• Increasing life expectancy and continued population growth; the number of pensioners in Nigeria is rising and any plans to institute universal healthcare will be supported by a broad base of contributors into an insurance-style system.

  • Large-scale infrastructure spending underway; the country lacks the infrastructure in healthcare to support its citizenry but is undergoing a splurge in spending, directed primarily by the private sector, non-governmental organisations and charities. Notable projects include a 1000-bed hospital to be built in Kano state, funded by billionaire Aliko Dangote.

Access To Healthcare Is A Challenge

We note that consumption of healthcare and pharmaceuticals in Nigeria is overwhelmingly driven by private consumption (70% of total), especially through out-of-pocket spending. Although a national insurance system is in place, this offers coverage to only those in large private companies, public sector employment or those on low incomes. Gaining access to this insurance scheme is difficult, with many Nigerians going directly to clinics or hospitals and paying out of pocket for services. While these challenges may provide a considerable hindrance, we see large scope for private-public partnerships, private insurance and employer-employee schemes. We see the private sector more than capable of filling the gap in healthcare access that the Nigerian government has so far failed to deliver.

Affordability will be the primary impediment to unlocking the Nigerian market; with no wide-reaching insurance schemes available and average incomes still relatively low, companies within the pharmaceutical sector will need to utilise tiered pricing to match the local economic realities.

Other Risks To Consider

Over the next two to three years, there are pertinent, non-specific risks to commercial enterprises that mitigate the attractiveness of Nigeria.

Terrorism and political risk; the threat of Boko Haram continues to blight investment into the country. Until the Nigerian government restores complete control over the entirety of the country, we expect the private sector to hold off on any significant investments.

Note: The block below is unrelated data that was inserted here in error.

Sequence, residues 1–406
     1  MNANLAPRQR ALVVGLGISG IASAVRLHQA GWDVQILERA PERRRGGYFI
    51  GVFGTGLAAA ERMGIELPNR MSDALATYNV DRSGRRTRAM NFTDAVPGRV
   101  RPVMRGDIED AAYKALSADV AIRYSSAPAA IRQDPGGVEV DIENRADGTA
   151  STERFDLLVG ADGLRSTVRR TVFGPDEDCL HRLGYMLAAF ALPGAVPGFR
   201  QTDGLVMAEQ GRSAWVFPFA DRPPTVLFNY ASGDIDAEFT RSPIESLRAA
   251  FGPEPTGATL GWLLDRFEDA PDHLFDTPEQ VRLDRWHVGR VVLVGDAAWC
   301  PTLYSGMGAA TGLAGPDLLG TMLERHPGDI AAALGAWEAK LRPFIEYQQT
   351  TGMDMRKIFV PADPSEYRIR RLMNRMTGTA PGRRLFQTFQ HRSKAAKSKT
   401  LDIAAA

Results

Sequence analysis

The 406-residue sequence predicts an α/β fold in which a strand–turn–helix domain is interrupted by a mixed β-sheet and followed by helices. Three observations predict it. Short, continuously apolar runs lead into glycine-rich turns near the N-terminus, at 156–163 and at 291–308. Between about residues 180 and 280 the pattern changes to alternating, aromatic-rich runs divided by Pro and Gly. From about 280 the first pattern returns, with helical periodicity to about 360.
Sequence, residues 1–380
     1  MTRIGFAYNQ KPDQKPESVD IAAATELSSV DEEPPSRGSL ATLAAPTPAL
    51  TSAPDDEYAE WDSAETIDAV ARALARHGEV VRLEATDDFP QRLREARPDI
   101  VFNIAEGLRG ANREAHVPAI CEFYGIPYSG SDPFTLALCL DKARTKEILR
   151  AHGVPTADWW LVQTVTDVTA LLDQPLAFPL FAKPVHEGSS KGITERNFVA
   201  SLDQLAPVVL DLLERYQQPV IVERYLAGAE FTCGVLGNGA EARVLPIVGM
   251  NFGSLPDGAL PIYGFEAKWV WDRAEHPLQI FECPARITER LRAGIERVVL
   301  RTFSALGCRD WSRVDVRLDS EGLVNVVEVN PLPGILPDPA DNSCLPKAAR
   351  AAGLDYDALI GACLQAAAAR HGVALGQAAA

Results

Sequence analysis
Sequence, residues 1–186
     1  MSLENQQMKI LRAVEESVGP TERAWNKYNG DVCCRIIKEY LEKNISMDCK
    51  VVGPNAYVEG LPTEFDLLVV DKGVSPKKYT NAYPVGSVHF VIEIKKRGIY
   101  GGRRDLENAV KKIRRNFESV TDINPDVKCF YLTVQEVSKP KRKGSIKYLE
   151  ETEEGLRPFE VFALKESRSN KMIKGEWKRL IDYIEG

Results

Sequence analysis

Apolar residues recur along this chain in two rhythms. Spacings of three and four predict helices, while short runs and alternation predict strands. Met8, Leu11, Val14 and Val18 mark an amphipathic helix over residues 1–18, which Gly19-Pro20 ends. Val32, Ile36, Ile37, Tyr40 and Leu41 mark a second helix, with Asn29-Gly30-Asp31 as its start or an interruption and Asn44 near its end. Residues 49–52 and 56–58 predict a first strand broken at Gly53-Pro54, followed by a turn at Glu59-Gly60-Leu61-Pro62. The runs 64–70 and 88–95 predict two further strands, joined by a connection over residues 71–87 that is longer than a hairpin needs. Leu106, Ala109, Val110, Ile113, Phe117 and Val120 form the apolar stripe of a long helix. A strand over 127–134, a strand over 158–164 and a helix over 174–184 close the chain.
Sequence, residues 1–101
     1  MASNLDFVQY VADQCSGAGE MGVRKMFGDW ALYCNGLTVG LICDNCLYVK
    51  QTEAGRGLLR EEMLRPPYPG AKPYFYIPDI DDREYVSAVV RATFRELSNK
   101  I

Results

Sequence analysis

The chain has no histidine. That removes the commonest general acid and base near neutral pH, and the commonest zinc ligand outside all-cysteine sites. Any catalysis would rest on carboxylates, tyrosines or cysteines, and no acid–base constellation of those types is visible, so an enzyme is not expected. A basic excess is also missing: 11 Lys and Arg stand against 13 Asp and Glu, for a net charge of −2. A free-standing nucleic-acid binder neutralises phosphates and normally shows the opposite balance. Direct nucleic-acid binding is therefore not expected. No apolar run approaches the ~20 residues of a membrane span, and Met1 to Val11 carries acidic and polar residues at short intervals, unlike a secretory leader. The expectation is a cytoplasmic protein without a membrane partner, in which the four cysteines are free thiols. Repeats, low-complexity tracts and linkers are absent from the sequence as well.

Corruption and fiscal transparency; property rights, contract and commercial disputes are difficult to enforce and settle in Nigerian courts due to pervasive corruption and inefficiency.

Infrastructure and transport issues; Nigeria suffers from poor power infrastructure that leads to frequent blackouts. Similarly, the country has poor road networks and transport infrastructure that present supply chain concerns and accessibility to the interior of the country.

BMI Forecasts For Pharmaceutical & Healthcare Spending

Over a ten year period, we forecast pharmaceutical spending in Nigeria to increase from NGN236bn (USD1.45bn) to NGN626bn (USD3.37bn) in 2023. We see healthcare spending rising from NGN3336bn (USD20.53bn) in 2014 to NGN10640bn (USD57.4bn) in 2023. We see growth coming primarily from out-of-pocket and private sector spending.

Biggest Market For Pharmaceuticals and Healthcare In West Africa
Pharmaceutical and Healthcare Spending, 2010-2023
×

Enter your details to read the full article

By submitting this form you are acknowledging that you have read and understood our Privacy Policy.

×

REQUEST A DEMO

By submitting this form you are acknowledging that you have read and understood our Privacy Policy.

Thank you for your interest

A member of the team will be in touch shortly to arrange a convenient time for your free demonstration and trial. If your enquiry is urgent, please email our Client Services team here.